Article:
Established, successful companies are faced with unprecedented pressure to change. Quite simply, companies that do not evolve and discover new markets or new capabilities will, inevitably, fail. They must find opportunities in unfamiliar terrain, while also constantly improving in the core business. Designing ambidextrous organizations is a helpful way to align people for success in strengthening the core business while simultaneously innovating for an uncertain future. In the core, the emphasis is efficiency and incremental improvement. For explore, greater flexibility, autonomy, and experimentation are needed.
For example, let’s look at the media industry. How people purchase and consume content has drastically changed. There is increasing fragmentation in the viewer market where there is less reliance on traditional media, and more people access content anywhere, anytime. At the same time, cloud computing, big data, and AI are changing business processes and creating opportunities for media companies to establish direct relationships with consumers.
In order to remain relevant and competitive, media executives are learning to play two games at once: exploring entirely new opportunities whilst maintaining focus on the core customers, products, and services. We describe an approach to accelerate that learning in the article Tables instead of chairs: Designing ambidextrous organizations with multiple executive teams that I co-wrote with my esteemed colleagues Dr. Gabriele Becker and Professor Dr. Thomas Schumacher¹.
Bertelsmann University, the corporate learning unit of the Bertelsmann Group, held executive programs at Harvard University and Stanford University. The programs included sessions on Ambidextrous Organizations and Ambidextrous Leadership. Afterwards, the executives were interested in going deeper on these topics, so Bertelsmann University launched a Leadership Lab to support alumni. The objectives were to achieve more innovation, efficiency, and adaptability. Business leaders across all industries can benefit from the approach. Let’s delve into the Leadership Lab process and key takeaways from the executive participants.
Accelerated approach to strengthen ambidextrous organizational design and leadership team effectiveness:
“Tables Instead of Chairs”: Each executive brought 2 to 4 colleagues from their organization, because ambidexterity is not just an individual leadership endeavor. The team brings perspective on how to manage the tensions that arise between core and explore.
Designing Ambidextrous Organizations: Each business unit had its own requirements. They were defined based on the innovation portfolio, deciding the degree of separation needed for exploratory innovation, and identifying the integrating mechanisms to leverage capabilities in the core.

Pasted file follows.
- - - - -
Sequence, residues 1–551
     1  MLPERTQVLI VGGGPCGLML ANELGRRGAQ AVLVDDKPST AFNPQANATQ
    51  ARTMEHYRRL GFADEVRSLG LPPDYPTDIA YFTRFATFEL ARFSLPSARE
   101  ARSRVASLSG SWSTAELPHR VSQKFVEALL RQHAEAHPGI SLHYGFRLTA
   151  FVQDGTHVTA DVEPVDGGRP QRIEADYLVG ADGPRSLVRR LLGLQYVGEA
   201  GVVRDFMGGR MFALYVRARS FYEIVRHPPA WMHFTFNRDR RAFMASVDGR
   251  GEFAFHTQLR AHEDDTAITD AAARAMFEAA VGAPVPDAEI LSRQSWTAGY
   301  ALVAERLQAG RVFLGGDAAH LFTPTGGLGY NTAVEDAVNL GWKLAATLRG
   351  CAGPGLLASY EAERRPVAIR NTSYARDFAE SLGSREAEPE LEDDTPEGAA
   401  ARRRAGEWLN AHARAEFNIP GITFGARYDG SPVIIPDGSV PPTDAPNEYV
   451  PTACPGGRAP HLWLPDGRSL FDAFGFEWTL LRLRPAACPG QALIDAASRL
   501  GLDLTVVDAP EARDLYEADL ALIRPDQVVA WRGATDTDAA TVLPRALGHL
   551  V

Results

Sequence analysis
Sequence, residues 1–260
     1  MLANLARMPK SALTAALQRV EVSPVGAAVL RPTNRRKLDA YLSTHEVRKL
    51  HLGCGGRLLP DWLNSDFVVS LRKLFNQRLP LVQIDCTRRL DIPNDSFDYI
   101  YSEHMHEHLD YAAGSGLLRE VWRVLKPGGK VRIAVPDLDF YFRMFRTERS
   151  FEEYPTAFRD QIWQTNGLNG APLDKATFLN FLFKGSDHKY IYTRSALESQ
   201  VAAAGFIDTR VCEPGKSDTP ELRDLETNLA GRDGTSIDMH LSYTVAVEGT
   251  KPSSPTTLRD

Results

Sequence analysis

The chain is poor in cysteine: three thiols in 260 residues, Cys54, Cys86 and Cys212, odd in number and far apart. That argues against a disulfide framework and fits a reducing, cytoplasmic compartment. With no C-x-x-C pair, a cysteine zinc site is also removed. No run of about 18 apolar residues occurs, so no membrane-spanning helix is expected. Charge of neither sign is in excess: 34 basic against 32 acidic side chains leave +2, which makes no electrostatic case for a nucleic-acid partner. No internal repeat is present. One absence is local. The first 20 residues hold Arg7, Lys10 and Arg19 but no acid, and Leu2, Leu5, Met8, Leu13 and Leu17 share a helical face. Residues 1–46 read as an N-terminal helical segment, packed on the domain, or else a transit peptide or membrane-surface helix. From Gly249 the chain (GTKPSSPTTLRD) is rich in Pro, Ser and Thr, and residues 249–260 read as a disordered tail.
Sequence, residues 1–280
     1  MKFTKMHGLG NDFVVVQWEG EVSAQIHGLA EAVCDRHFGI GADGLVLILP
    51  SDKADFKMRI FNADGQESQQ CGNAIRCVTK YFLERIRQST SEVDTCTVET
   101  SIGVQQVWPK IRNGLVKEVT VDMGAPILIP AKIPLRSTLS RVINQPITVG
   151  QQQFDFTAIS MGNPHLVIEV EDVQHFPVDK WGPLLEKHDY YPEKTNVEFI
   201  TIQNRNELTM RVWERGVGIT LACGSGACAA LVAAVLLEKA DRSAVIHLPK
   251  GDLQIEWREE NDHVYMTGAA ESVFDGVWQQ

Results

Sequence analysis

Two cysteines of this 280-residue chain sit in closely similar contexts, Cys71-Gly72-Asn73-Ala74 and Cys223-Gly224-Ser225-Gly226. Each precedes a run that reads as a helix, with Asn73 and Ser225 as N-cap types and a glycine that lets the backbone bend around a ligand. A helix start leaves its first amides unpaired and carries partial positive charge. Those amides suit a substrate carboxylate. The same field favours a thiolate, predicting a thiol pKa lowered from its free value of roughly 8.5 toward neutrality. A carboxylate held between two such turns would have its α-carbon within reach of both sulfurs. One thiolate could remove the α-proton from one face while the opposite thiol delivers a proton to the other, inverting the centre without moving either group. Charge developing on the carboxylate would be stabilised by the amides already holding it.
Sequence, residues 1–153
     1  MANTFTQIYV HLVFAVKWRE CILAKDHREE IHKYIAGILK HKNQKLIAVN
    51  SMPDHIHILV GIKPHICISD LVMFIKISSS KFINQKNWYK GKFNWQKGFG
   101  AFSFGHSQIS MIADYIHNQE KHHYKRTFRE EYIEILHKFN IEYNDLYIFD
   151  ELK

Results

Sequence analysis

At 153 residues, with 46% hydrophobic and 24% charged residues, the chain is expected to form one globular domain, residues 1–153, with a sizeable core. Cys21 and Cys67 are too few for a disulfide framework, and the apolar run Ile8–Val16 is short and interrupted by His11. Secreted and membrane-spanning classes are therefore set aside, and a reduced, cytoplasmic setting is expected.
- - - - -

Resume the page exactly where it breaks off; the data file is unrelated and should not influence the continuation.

Focusing on the Disciplines of Innovation: Success in explore requires mastery of three distinct disciplines: ideation – developing ideas for potential new businesses; incubation – validating the ideas in the market; and scaling – reallocating existing assets and capabilities to help the new venture grow.
Experiences and Results: The teams participated in cross-team dialogues, providing an opportunity for participants to learn from each other. The dialogue deepened everyone’s understanding of where they are and need to be, and how to get there.
Upon completing the Leadership Lab, all participants were prepared to strengthen their organizational design to execute their innovation priorities. They established a shared understanding of their challenges and learned how to increase their odds to capture new sources of growth.
As evidenced by the experiences and outcomes of the Leadership Lab, you, too, can strengthen organizational alignment: separate the core from explore, identify where to integrate, take a disciplined approach to innovation, and talk to other executive teams.
Want to know how you can create an ambidextrous organization? Contact us to learn how you can ideate, incubate, and scale new businesses within your organization.
¹ Dr. Gabriele Becker, Co-Head of Leadership Programs at Bertelsmann University, and Professor Dr. Thomas Schumacher, Editor of OrganisationsEntwicklung, Professor of Organization and Leadership at the Catholic University of Freiburg, and Research Program Leader and Lecturer at the University of St. Gailen.
By Kristin von Donop, Principal